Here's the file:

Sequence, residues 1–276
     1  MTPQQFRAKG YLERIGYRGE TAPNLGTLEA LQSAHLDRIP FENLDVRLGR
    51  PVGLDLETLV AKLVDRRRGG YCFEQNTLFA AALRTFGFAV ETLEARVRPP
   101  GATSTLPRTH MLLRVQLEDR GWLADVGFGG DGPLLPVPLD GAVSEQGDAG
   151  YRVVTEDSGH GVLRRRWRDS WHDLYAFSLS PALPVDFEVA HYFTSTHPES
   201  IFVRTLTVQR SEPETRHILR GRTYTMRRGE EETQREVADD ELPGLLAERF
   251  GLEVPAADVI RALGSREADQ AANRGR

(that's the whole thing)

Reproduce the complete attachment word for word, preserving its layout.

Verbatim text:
Sequence, residues 1–276
     1  MTPQQFRAKG YLERIGYRGE TAPNLGTLEA LQSAHLDRIP FENLDVRLGR
    51  PVGLDLETLV AKLVDRRRGG YCFEQNTLFA AALRTFGFAV ETLEARVRPP
   101  GATSTLPRTH MLLRVQLEDR GWLADVGFGG DGPLLPVPLD GAVSEQGDAG
   151  YRVVTEDSGH GVLRRRWRDS WHDLYAFSLS PALPVDFEVA HYFTSTHPES
   201  IFVRTLTVQR SEPETRHILR GRTYTMRRGE EETQREVADD ELPGLLAERF
   251  GLEVPAADVI RALGSREADQ AANRGR